Older Pet Spotlight: Seniors Going Strong
Older pets deserve the spotlight! November is Adopt-a-Senior Pet Month so let’s focus on our older friends. We also want to focus on the unique needs of older pets and try to help pet owners that may be struggling, find some solutions.
What Constitutes a Senior Pet?
Pets have life stages just like people. Their life stages are a bit shorter in terms of how long they last since pets age a little more quickly than humans. What makes a pet a senior is really determined by their breed and their life expectancy. Generally speaking however, a pet can be considered a senior after turning 7 years old. This is when we start to see some subtle changes and when we start to screen for certain disease processes that show up in later life.
Some of these disease processes can include diabetes, liver disease, thyroid disease, cancer, arthritis, hearing loss and eye problems. Age is in no way a guarantee that your pet will develop any of these symptoms. Your pet may stay healthy for a very long time. Because we see these diseases and ailments in many older animals we do start to screen more vigilantly as your pet ages.
What Changes Should You Look For in Your Older Pet?
Our philosophy at Hill Country Animal Hospital is that we always want to work in concert with pet owners to help provide the best care for their pets. Because of this, we often screen for health issues based on feedback from owners. This feedback may include the following changes that have been noticed at home:
- Drinking more water
- Urinating more
- Less active/lethargic
- Limping or difficulty getting around
- Increase or decrease in appetite
- Changes in personality and/or behavior
- Changes in sleep habits
- Difficulty hearing
- Changes in vision or any visible changes to the eyes (especially depending on the breed)
- New lumps and bumps
We encourage you to seek help for whatever problems you are having with your pets. Some issues may not seem health-related but we are in the business of helping you care for your pet and may have a solution. Let us know even if your problem is something like my pet is slipping on the floor at home. If we don’t have an answer we can try to find one or put you in touch with someone else who can help you.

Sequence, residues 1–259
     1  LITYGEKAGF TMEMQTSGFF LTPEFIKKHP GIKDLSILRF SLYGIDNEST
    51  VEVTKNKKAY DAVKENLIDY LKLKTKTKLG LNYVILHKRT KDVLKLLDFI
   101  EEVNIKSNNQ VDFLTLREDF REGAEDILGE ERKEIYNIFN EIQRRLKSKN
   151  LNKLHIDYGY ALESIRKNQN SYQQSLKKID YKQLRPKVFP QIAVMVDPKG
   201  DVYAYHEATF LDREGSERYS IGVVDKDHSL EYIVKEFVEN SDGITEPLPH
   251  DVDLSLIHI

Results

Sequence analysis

Managing Medication with Older Pets
As our pets age, we often find ourselves managing chronic diseases like arthritis or thyroid disease. These require daily medication. If your schedules are anything like ours it can be challenging to know if someone in the family gave your pet his medication. That is when an item like a pet medication reminder comes in handy.
These can be purchased on Amazon and are very helpful when managing pet medications with a busy schedule.
Maintaining Exercise in the Golden Years
We recommend exercise for all pets from an early age. Exercise helps maintain overall health by keeping weight in control and keeping muscles strong. Many times as pets age they develop a bony appearance but haven’t lost as much weight as their appearance leads you to believe. This change in appearance can be attributed to muscle loss. Pets lose muscle just as we do if they do not remain active. For this reason, exercise is extremely important.